Cross-Cultural Thanksgiving

4759535950_3da0ea181e_oThanksgiving has different meanings to different cultures across the world. America and Canada, although on different dates, celebrate the same customs by giving thanks to everything they may be thankful for.

Unlike Canada, France does not celebrate Thanksgiving at all. Parents and children do not get a day off from work or school, and most foods commonly found on an American’s Thanksgiving dinner table are very hard to find in French supermarkets.  

Japan celebrates its own version of Thanksgiving known as Labor Thanksgiving Day. It takes place yearly on November 23rd and pays tribute to hard work and giving each other thanks.

Though Finland does not celebrate Thanksgiving day, their Independence Day is quite similar to it. Additionally, their Father’s Day is celebrated on the second Sunday in November, which can be seen as being fairly similar to Thanksgiving in America.

In China, the American holiday of Thanksgiving seems to be catching on. Chinese people use this day to give thanks to their parents, teachers, and friends.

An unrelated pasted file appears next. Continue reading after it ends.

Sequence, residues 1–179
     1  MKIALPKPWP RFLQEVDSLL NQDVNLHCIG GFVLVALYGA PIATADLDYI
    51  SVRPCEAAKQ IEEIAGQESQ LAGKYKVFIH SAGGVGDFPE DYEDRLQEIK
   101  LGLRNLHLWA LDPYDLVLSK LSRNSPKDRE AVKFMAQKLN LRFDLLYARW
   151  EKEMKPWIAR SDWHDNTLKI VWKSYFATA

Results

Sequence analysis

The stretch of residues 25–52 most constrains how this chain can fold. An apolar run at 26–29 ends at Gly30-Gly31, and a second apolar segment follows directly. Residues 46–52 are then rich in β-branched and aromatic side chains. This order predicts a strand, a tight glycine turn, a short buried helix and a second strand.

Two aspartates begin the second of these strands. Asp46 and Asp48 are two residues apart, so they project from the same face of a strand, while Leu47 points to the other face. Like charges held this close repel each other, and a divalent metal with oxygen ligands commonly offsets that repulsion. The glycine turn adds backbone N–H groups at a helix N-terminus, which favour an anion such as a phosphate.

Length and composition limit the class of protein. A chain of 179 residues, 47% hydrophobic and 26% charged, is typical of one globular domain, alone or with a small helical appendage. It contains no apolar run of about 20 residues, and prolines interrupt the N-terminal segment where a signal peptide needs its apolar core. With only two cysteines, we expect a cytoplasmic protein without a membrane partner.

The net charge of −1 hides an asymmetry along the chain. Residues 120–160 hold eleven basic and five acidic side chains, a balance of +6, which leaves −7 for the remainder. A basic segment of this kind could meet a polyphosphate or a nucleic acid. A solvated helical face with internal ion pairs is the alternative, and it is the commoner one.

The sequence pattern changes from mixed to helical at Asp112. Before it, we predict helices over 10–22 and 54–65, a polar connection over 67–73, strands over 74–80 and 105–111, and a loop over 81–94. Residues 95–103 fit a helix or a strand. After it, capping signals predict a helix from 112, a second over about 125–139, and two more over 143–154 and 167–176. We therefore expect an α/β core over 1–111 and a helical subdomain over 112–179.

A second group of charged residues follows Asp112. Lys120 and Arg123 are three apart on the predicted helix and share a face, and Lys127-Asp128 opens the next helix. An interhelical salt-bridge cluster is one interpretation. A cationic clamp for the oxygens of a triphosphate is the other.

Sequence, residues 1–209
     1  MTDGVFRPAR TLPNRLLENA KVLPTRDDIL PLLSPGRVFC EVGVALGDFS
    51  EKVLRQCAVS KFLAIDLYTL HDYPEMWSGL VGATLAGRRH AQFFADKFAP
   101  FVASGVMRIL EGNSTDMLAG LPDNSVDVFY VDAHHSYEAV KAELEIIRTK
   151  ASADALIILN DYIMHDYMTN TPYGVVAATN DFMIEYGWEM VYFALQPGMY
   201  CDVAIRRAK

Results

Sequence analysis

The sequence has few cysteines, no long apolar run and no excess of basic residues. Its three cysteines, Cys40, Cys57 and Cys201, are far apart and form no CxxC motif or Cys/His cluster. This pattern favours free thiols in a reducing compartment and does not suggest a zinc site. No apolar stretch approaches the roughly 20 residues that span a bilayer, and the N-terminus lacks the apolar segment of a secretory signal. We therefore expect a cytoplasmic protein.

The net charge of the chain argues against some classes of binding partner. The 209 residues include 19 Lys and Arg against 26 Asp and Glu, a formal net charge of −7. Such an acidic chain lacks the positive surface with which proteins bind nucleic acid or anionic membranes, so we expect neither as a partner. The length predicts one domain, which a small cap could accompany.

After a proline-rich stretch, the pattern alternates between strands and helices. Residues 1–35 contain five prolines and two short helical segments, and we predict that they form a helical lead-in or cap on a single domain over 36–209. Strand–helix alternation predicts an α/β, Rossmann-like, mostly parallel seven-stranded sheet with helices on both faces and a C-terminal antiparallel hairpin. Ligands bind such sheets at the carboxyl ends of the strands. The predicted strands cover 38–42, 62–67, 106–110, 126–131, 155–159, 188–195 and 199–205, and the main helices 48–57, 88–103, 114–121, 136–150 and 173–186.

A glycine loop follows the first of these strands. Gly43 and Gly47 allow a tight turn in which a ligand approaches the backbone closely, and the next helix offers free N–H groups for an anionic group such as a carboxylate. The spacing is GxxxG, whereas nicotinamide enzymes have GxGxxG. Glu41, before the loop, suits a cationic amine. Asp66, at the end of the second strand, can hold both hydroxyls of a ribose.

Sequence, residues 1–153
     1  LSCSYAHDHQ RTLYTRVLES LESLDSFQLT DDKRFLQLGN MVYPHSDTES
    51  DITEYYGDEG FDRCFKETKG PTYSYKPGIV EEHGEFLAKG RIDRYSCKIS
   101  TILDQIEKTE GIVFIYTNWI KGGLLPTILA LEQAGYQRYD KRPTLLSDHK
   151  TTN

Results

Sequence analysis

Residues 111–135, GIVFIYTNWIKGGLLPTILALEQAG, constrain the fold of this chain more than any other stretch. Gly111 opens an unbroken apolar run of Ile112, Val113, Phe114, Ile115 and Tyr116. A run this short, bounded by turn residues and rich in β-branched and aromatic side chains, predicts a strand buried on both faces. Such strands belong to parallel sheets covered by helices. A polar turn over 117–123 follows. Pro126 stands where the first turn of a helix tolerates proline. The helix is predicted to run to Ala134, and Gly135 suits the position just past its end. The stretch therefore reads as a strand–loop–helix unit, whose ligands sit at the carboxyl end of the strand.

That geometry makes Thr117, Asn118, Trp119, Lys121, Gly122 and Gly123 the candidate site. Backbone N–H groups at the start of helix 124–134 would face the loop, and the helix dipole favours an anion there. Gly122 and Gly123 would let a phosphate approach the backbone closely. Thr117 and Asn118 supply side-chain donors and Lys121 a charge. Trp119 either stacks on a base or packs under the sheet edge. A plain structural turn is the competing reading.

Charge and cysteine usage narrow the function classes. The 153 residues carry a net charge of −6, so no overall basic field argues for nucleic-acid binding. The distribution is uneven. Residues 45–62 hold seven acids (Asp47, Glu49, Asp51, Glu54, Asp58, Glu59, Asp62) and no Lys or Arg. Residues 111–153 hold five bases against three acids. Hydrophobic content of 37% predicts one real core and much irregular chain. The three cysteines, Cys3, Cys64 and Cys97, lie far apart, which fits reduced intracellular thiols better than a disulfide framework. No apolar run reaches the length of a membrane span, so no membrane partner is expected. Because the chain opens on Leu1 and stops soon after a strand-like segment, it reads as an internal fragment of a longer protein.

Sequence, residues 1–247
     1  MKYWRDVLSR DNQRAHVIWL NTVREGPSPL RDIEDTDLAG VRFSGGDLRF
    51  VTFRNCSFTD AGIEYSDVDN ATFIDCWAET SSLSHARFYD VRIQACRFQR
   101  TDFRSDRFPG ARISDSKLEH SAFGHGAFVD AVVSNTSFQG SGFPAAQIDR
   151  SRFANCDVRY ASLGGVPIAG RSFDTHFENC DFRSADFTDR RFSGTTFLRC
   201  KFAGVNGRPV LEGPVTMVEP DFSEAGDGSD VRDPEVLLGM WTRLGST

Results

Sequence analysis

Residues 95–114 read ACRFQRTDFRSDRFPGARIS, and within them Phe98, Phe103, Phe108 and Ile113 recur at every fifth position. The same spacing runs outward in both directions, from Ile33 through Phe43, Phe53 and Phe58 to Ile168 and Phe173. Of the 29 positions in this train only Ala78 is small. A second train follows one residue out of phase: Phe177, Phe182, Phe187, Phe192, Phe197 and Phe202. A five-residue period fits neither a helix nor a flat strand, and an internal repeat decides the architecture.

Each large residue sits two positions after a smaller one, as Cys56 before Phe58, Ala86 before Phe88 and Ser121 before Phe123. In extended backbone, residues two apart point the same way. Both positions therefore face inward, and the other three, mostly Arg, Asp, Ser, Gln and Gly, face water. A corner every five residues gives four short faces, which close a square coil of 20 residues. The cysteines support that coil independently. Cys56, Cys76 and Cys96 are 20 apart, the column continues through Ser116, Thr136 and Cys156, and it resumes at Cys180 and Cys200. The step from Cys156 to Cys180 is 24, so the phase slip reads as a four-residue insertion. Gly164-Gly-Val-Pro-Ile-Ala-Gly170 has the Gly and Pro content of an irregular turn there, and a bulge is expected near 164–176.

In Australia, Thanksgiving is not an official holiday. Australians use Christmas and Boxing day to spend time with their families and appreciate what they have.

In Grenada, a small island in the Caribbean, they celebrate a national holiday known as Thanksgiving Day on October 25th. On this day they celebrate the anniversary of when the United States military saved the Grenadian people from a communist overtaking and reestablished the constitutional government they had prior.

In Liberia, they celebrate their version of Thanksgiving on the first Thursday of November. On this day they give thanks for when the United States released black slaves to live freely in a country derived from the Latin word Liber, meaning free. This country is now present day Liberia.

No matter the geographical location, all cultures have their own way of giving thanks. 

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